Digital age impacts on children’s vision, writes Estelle Ellis
The digital age is having a detrimental effect on children’s visual abilities as well as other aspects of their physical and mental development as they increasingly zoom in close on mobile phones and computer screens.
After 30 years of specialised work with vision-related problems in children, Port Elizabeth optometrist Robert Nettl says he has seen a frightening escalation in these problems this year and that urgent intervention is needed.
Nettl, a behavioural optometrist, screened more than 800 children this year and found extensive problems in reading, reversing letters and numbers, and copying from the blackboard in class.
He said only between 5% and 9% of children he screened had not had problems.
Nettl said his findings were frightening. “I have screened more than 800 children, from Grade R to Grade 3, at various schools in Port Elizabeth this year and the statistics show deterioration in all grades.”
He found that 66% of boys and 65% of girls had vision problems affecting their ability to read, and 32% of boys and 35% of girls were reversing letters and numbers.
Nettl said the biggest problem was that children were holding their faces too close to books when they read or wrote.
The distance from the elbow to the chin was a safe distance for eyes to be from a book for reading and writing.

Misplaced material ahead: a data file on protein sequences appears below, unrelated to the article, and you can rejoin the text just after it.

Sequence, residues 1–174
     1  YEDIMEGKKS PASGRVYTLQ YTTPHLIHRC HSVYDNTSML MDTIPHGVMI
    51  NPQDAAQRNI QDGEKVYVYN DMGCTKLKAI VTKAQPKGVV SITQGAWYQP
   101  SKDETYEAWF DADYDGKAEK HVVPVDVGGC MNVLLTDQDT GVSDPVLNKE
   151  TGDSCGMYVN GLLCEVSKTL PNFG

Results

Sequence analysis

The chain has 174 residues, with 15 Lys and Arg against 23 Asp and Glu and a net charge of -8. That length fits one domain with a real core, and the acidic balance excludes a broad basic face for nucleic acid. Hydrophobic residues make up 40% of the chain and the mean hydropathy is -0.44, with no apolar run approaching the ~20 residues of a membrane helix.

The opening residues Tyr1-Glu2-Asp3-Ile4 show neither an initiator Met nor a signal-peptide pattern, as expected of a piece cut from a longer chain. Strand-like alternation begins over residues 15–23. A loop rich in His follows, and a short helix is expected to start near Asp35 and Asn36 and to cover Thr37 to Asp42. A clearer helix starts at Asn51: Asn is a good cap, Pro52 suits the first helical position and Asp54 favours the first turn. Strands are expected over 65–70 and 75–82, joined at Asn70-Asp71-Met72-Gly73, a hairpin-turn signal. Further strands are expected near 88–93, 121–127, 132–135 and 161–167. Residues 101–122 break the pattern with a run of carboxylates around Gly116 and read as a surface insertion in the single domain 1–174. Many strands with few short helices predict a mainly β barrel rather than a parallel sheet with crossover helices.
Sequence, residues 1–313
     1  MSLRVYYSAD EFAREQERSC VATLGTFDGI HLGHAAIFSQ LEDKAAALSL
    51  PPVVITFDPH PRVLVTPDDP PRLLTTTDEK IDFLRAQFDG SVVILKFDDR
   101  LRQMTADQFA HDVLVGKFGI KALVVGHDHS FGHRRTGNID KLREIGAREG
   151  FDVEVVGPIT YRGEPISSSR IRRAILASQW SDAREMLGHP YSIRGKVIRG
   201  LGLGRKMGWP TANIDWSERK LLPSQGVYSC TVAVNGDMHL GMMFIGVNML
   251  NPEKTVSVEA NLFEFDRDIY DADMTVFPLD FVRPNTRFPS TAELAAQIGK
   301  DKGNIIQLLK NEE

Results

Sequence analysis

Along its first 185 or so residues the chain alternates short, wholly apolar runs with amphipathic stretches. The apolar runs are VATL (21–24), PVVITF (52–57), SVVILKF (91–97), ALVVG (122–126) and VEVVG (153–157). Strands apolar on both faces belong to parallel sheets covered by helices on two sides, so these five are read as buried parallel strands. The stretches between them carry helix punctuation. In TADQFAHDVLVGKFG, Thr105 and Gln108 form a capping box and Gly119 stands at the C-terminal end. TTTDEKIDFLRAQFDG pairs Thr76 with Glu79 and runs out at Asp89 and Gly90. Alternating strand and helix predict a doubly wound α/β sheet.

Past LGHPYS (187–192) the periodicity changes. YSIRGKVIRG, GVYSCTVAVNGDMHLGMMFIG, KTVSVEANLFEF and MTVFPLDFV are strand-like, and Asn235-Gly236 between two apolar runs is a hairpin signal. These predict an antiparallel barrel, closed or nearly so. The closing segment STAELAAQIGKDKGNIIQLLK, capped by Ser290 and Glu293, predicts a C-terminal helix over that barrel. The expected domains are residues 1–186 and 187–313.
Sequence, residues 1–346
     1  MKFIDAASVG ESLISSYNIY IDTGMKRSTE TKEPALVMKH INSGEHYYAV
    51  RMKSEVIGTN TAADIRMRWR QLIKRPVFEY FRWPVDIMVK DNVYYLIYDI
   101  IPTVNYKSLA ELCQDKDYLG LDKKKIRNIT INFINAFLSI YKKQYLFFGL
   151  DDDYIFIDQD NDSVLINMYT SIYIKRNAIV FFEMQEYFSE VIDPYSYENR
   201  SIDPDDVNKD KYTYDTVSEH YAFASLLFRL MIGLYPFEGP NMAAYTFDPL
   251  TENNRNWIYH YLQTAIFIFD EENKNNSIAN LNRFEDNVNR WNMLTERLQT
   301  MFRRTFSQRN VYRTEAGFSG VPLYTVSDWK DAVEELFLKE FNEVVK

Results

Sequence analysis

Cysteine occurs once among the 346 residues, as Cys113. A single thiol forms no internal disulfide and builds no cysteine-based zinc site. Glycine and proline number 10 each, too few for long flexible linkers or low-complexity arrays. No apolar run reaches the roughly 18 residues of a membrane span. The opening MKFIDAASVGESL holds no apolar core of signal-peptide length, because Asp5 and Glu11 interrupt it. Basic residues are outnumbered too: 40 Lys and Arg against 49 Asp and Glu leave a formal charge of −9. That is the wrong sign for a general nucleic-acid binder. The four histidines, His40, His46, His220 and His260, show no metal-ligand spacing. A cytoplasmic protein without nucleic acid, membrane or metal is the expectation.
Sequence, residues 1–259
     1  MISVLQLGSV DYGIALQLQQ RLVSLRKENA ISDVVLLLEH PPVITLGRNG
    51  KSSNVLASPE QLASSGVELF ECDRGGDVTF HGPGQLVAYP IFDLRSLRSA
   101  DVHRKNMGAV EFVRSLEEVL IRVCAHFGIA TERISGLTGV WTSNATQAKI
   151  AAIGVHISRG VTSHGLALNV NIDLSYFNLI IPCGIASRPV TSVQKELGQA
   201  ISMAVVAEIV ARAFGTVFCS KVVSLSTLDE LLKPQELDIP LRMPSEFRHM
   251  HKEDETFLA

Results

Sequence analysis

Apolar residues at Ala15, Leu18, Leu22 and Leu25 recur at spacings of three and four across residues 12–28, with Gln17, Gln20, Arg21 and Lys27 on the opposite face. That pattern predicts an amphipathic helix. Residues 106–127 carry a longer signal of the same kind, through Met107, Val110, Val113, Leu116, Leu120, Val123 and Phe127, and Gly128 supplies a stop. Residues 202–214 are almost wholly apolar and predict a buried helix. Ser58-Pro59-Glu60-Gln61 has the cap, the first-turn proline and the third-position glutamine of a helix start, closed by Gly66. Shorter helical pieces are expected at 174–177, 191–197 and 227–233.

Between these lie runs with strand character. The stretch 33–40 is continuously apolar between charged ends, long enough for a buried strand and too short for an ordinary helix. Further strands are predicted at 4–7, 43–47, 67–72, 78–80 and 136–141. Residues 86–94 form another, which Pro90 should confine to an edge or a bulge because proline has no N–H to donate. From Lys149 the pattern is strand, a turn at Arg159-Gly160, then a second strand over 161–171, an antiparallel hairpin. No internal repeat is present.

The biggest problem was that most children were occupied all day with their cellphones, their computers and their Playstations and these screens were all close to their faces.
“Unfortunately there are still many schools in and around PE which have not realised the impact of vision-related learning problems in learners.
“Reading, copying and reversals have generally nothing to do with eyesight – this is a vision-related problem and can be overcome.”
Nettl said people were born with eyesight but vision was a skill that must be developed.
“Parents and teachers need to be aware of children’s visual abilities and eye-care needs in order to provide an excellent education programme.
“Since academic learning is 80% visual, vision problems are best detected and treated early.”
Nettl said parents should rather get their children test- ed if they had any concerns.
“Healthy eyes and good vision are essential for success in school.”
Symptoms of vision-related learning problems are:
- Trouble reading on the blackboard;
- Trouble completing schoolwork
- Delayed progress or difficulties in school
- Eye strain
- A short attention span;
- Copying mistakes in work- books when pupils copy from the blackboard;
- Children who try to avoid reading;
- Children who frequently lose their place when they are reading;
- and Poor handwriting
“My hope is that no child will experience school with an undetected and untreated eye or vision problem,” Nettl said.
But increasing use of technology among children is not only affecting aspects of their development like vision, but other physical and mental factors also come into play.
Dr Ina Diener, president of the South African Society of Physiotherapy, said exercise was especially important for children.
“Free and unstructured play is essential for our children, not only for their physical health but also for their physical and mental development.”
She said the physical boundaries of children’s worlds had shrunk for many reasons, including the perception that public open spaces were unsafe.
“One play expert calls middle-class children the ‘children of imprisonment’, confined to schoolrooms and their homes, stuck behind screens and deprived of contact with the natural world.”